First, let’s look at the apartment used in our testing and how it is set up. TP-Link Archer AX20 is placed in the living room. With most wireless routers, the signal strength is not great in places like the Kitchen and the Medium balcony.
Our testing was done using a fast 1 Gigabit Internet connection capable of uploads on the internet of up to 800 Mbps. We evaluated the Wi-Fi emitted by TP-Link Archer AX20 using the following standards: Wi-Fi 4 on the 2.4 GHz band, Wi-Fi 5, and Wi-Fi 6 on the 5 GHz band.
To get a better idea of the performance offered by TP-Link Archer AX20 (AX1800), we compared it with ASUS RT-AX58U and its more affordable brother TP-Link Archer AX10. We analyzed the 2.4 GHz band first when using the Wi-Fi 4 standard, and we measured the signal strength with NetSpot. You can see its evolution in the graphic below.
Then, we wanted to see how fast the internet connection is when using the Wi-Fi 4 standard. We used SpeedTest on our laptop and made several measurements in each room. TP-Link Archer AX20 offered download speeds that were faster than those of an Archer AX10.
When measuring the upload speed, the story wasn’t as clear cut, but TP-Link Archer AX20 performed well in all rooms.
We used the PassMark Performance test to transfer data between two computers connected to the network on the 2.4 GHz band when using Wi-Fi 4. Again, TP-Link Archer AX20 offered faster downloads than Archer AX10.
There was no clear winner when measuring the upload speed, as each router’s performance varied greatly from room to room.
On the 2.4 GHz band, when using the Wi-Fi 4 standard, TP-Link Archer AX20 delivers faster downloads than its smaller brother – Archer AX10.
We analyzed the 5GHz wireless band using the Wi-Fi 5 and Wi-Fi 6 standards for the next set of measurements. We looked at the evolution of the signal strength from room to room. As you can see below, the signal strength offered by TP-Link Archer AX20 was better than that provided by Archer AX10 in most rooms.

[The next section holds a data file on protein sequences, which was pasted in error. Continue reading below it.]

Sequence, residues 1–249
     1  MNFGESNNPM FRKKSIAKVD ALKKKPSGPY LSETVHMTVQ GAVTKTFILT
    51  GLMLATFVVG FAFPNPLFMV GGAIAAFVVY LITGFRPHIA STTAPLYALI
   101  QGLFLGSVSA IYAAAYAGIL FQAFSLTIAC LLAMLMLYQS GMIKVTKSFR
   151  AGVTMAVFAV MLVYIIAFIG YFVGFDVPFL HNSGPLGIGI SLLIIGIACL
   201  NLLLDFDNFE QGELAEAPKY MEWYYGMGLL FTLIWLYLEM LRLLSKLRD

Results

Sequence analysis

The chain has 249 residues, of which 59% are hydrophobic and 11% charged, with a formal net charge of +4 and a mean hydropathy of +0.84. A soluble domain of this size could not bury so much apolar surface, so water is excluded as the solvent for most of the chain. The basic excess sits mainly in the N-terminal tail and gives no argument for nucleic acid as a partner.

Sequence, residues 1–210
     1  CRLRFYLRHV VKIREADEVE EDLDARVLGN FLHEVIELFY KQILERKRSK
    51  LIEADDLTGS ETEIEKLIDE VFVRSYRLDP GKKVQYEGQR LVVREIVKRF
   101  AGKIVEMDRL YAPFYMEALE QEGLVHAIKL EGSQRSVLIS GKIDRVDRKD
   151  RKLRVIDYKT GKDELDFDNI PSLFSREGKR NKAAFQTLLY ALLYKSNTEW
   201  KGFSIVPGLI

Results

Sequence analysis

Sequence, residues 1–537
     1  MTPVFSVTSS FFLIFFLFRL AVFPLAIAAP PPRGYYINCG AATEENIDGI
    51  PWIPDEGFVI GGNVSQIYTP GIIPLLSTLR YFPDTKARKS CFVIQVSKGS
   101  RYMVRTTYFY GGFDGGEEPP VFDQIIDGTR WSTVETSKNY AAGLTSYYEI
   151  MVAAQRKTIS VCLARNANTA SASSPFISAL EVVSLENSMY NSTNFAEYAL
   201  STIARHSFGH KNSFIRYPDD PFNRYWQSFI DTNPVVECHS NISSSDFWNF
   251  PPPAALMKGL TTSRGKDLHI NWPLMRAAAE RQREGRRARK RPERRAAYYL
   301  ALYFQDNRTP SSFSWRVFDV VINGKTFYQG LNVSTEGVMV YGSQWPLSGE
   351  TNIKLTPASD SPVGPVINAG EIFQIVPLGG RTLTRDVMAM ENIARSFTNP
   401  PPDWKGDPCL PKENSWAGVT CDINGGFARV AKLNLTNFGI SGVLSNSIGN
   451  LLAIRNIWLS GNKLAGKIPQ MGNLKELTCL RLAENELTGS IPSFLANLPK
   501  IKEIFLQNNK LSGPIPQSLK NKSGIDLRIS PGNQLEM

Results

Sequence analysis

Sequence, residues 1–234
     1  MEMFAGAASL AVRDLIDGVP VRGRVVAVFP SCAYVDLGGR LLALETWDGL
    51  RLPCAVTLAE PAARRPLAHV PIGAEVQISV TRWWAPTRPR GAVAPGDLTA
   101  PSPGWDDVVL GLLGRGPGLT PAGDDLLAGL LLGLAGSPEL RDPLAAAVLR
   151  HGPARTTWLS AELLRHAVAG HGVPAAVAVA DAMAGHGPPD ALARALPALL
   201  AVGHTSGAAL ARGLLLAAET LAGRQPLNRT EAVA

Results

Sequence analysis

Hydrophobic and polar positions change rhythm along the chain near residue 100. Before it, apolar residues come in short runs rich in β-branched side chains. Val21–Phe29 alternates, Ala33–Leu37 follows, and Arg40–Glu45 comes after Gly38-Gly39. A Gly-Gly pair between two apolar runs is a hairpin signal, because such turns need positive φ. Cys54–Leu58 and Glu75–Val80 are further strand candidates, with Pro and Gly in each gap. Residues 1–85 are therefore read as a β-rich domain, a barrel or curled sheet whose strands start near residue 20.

We used SpeedTest to measure the speed of the internet connection when connected to the 5 GHz band when using the Wi-Fi 5 standard. TP-Link Archer AX20 delivered excellent download speeds in most rooms.
The same was true when measuring the upload speed.
We then used the PassMark Performance test to transfer data between two computers connected to the network using Wi-Fi 5. In this test, TP-Link Archer AX20 performed well, without being the best router in our comparison. As you can see below, there was no clear winner.
The same happened with the upload speed too. However, in some rooms, TP-Link Archer AX20 was the slowest in our comparison.
When using the 5 GHz band and the Wi-Fi 5 standard, TP-Link Archer AX20 is a reliable router, which offers speeds that don’t disappoint.
We remained on the 5 GHz wireless band, but we switched to using the Wi-Fi 6 standard and ran SpeedTest in all the rooms of our apartment. The downloads offered by TP-Link Archer AX20 outmatched Archer AX10 almost everywhere.
The same was true when measuring the upload speed, but not in as many rooms.
For the last round of comparisons, we used the PassMark Performance test to transfer data between two computers connected to the network using Wi-Fi 6. TP-Link Archer AX20 performed well in all rooms, but it wasn’t the speed champion in this comparison.
The same happened when measuring uploads too.
When using Wi-Fi 6, TP-Link Archer AX20 performs well, but it doesn’t beat its competitors. However, its price is very affordable, making up for the difference in speed.